Title page for ETD etd-12182001-232108


Type of Document Master's Thesis
Author Henry, Richard Douglas
URN etd-12182001-232108
Title Automatic Ultrasonic Headway Control For a Scaled Robotic Car
Degree Master of Science
Department Electrical and Computer Engineering
Advisory Committee
Advisor Name Title
Kachroo, Pushkin Committee Chair
Pethtel, Ray D. Committee Member
VanLandingham, Hugh F. Committee Member
Keywords
  • Control
  • Ultrasound
  • Robotic
  • Headway
  • Automatic
Date of Defense 2001-12-18
Availability unrestricted
Abstract
Intelligent Transportation Systems and supporting technologies have been an active area of research for some time. Human drivers exhibit slower response times and errors in judgment that can have serious adverse affects on traffic flow. These types of errors can be reduced or eliminated from the driving experience by introducing computer control systems into the automotive arena.

The purpose of this research was to develop a scale model platform for the rapid prototyping and testing of ITS systems and technologies. Specifically, this body of work was concerned with the development of an automatic headway control system that utilized ultrasonic sensors. This control system was intended to automatically maintain headway distance in an effort to create an adaptive cruise control system for this scale model vehicle. Implementation of such systems could conceivably reduce driver fatigue by removing the burden of maintaining safe following distance from the driver.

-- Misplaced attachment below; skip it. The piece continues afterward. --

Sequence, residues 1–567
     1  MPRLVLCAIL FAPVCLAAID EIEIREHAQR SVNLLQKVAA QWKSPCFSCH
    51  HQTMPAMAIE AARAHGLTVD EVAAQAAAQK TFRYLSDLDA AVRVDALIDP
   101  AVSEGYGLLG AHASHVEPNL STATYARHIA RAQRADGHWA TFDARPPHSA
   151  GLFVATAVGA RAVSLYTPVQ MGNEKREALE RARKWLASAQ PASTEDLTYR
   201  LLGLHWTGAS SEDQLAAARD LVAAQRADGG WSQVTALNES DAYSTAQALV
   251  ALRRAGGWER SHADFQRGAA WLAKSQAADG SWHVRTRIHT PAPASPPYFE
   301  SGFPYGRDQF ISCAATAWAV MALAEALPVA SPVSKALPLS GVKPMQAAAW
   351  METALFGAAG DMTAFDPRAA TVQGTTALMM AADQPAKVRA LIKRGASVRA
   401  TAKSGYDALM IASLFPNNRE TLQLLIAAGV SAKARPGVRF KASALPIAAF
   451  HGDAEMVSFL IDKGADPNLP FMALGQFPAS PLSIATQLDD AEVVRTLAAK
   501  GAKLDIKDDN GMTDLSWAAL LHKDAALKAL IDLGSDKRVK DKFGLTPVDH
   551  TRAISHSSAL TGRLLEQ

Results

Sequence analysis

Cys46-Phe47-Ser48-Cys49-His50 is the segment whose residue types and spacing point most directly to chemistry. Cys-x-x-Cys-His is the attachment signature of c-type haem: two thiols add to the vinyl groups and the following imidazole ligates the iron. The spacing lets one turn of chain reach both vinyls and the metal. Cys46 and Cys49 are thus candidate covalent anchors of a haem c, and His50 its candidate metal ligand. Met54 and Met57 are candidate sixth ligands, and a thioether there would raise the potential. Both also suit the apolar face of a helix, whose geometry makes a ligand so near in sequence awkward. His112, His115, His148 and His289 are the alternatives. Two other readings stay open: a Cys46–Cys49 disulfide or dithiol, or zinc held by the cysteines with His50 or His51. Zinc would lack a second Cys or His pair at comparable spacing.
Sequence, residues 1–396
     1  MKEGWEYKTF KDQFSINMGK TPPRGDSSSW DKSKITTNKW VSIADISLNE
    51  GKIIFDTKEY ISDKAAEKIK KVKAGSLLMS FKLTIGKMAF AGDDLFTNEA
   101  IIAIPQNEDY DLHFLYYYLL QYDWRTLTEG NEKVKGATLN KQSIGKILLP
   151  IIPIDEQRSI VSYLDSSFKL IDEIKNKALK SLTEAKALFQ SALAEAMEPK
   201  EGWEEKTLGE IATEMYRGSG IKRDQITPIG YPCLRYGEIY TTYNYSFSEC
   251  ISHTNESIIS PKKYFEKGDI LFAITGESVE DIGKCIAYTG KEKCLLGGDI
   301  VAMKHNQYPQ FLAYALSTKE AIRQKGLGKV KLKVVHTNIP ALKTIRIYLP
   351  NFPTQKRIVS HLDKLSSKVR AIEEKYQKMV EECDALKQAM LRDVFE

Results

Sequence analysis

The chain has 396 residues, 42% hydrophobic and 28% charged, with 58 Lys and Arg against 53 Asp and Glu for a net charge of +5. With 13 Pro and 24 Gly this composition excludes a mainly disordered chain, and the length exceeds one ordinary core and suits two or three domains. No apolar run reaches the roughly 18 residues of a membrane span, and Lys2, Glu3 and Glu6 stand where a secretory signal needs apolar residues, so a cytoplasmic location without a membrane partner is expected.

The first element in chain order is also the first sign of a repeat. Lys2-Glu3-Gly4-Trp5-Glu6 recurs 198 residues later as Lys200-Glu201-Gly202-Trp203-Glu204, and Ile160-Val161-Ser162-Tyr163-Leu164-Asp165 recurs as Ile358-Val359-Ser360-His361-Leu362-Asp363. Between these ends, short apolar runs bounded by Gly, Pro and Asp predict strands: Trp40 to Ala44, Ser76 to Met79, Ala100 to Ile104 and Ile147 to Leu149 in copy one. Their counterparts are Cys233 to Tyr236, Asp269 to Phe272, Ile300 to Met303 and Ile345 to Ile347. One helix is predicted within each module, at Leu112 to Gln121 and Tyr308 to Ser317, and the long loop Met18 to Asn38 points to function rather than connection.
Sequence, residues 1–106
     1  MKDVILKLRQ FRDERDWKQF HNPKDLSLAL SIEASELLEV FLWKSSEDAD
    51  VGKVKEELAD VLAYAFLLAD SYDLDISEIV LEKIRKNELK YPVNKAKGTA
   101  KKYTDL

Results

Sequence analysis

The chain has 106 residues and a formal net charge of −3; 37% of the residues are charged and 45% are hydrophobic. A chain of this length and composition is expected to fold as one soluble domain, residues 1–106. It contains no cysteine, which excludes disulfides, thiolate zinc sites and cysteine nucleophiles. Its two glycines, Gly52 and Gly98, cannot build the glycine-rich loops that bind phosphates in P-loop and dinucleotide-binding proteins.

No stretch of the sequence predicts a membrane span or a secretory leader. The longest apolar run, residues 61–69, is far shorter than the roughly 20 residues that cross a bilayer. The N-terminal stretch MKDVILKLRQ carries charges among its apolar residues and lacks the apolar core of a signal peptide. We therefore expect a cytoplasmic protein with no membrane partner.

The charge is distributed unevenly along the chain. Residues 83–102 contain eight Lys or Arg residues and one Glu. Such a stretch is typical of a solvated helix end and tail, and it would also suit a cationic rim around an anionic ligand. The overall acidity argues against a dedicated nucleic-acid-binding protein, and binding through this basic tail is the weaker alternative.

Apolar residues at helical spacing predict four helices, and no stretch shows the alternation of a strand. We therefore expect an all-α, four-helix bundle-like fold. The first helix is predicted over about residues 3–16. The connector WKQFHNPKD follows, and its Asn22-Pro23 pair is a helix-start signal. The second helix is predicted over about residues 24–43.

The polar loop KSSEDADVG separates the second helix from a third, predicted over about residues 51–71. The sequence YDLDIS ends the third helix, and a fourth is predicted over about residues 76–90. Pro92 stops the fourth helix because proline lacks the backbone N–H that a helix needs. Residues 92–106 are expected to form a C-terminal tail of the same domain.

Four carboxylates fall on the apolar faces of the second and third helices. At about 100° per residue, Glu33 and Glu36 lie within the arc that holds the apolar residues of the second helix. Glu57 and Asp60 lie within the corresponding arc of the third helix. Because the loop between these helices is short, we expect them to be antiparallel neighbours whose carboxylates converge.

System dynamics of car-like robots with nonholonomic constraints were employed in this research to create a controller for an autonomous path following vehicle. The application of a working kinematic model describing car-like robotic systems allowed the development of a simple first order controller, as well as a sliding mode controller.

Following the development and simulation of these two control laws, the system was applied to the FLASH project scale model vehicle to assess the practical use of the system on a mock highway. A satisfactory result is produced after testing was completed, and the application of such systems to scale model platforms is feasible.

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